The Australian Taxation Office (ATO) has released draft taxation ruling 2013/D7 which sets out the ATO's views on the methods a super fund should adopt to apportion expenses that are only partially deductible for income tax purposes.
Summary of draft ruling
Draft Ruling 2013/D7 considers how a super fund may apportion expenses for the purposes of claiming income tax deductions.
An expense that is incurred in gaining or producing non-assessable income is not deductible for income tax purposes.1 Apportionment is therefore necessary where an expense is incurred partly in gaining or producing assessable income, and partly in gaining or producing non-assessable income.
Whilst the draft ruling considers that the correct method for apportionment ultimately depends on the particular circumstances of the case, the draft ruling provides guidance on, and distinguishes between, what it refers to as:
- distinct and severable expenses; and
- indifferent expenses.
The draft ruling then provides five practical examples of how the apportionment methods apply.
You can read the full draft ruling here.
Distinct and severable expenses
In the draft ruling, the ATO considers a 'distinct and severable expense' to be an expense that has been incurred in respect of a thing or service where a distinct or severable part is devoted to:
- gaining or producing the super fund's assessable income; or
- gaining or producing the super fund's non-assessable income.
In this circumstance, the expense should be apportioned according to these distinct and severable parts.
The draft ruling applies this method in example 1. In this example, a $2,000 expense has been incurred by a super fund in relation to a custodian's fee. The fund is able to determine that $1,500 of the fee relates to segregated current pension assets producing exempt income (that is, non-assessable income) and $500 relates to other assets producing assessable income.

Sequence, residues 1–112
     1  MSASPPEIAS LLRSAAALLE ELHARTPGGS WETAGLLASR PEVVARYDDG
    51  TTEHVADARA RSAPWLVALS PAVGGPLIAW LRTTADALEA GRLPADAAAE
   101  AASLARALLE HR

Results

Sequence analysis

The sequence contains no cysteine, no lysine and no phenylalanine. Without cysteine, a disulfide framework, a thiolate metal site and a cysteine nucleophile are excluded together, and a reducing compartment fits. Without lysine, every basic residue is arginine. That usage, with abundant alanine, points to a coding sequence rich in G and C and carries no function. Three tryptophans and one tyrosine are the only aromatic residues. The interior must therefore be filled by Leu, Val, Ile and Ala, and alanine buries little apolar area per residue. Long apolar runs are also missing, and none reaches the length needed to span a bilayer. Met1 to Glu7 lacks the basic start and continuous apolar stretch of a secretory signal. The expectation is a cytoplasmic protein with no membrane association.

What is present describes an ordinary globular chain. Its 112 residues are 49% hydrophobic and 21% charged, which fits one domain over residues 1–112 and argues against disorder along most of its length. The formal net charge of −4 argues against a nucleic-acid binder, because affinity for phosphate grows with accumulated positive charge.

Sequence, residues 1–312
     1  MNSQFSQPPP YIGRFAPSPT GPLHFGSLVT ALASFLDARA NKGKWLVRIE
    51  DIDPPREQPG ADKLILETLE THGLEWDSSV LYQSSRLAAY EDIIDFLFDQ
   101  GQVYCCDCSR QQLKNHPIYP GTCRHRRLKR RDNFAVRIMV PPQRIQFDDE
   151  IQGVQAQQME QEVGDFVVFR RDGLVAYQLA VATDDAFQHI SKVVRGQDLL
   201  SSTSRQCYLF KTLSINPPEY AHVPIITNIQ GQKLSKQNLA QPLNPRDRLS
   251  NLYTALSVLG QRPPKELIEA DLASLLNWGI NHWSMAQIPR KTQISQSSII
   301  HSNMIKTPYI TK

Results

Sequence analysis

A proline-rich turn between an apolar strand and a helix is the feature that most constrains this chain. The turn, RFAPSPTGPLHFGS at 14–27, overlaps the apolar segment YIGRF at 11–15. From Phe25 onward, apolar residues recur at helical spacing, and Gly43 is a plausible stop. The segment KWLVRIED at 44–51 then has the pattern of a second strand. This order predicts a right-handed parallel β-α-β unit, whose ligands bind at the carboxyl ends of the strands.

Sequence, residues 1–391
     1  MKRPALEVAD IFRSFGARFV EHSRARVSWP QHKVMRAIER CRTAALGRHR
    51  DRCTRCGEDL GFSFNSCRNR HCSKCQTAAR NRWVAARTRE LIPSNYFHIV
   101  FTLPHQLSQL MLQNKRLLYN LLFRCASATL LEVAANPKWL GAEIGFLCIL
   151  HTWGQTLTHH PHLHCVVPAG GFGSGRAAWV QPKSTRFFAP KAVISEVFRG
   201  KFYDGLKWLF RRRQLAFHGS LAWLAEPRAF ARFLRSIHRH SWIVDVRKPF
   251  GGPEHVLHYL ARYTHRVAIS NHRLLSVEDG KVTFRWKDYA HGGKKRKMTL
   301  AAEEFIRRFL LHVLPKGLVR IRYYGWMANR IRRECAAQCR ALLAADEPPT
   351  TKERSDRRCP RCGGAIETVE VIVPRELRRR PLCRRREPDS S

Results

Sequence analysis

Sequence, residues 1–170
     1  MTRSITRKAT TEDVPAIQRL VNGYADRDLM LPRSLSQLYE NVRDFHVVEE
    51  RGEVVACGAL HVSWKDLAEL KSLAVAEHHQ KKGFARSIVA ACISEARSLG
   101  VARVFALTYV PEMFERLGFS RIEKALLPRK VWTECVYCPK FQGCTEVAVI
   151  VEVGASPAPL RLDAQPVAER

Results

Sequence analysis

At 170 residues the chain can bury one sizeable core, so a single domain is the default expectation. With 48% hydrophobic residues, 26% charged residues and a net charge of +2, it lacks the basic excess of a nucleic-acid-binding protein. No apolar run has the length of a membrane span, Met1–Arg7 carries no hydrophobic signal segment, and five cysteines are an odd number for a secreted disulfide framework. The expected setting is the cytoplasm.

In these circumstances, the super fund should apportion the expense between these two distinct and severable parts, being $500 in relation to producing assessable income and $1,500 relating to producing non-assessable income.
In the draft ruling, the ATO considers an 'indifferent expense' to be an expense that is incurred in respect of a thing or service that relates to the production of assessable income and non-assessable income indifferently.
In these circumstances, the ATO states that the expense must be apportioned by way of a fair and reasonable assessment of the extent to which it relates to gaining or producing the super fund's assessable income.
Although the ATO states that it cannot provide a single or standard method for apportioning such expenses, the ATO generally accepts what is known as the 'income ratio method'.
The 'income ratio method' is applied by determining all the income of the fund that is assessable income and dividing it by the total income of the fund for the year that an expense is incurred. This percentage is then applied to the expense to determine the portion that relates to gaining or producing assessable income. In applying this method, contributions received by a fund (including rollover benefits) are treated as assessable income of the fund regardless of whether this is actually the case.2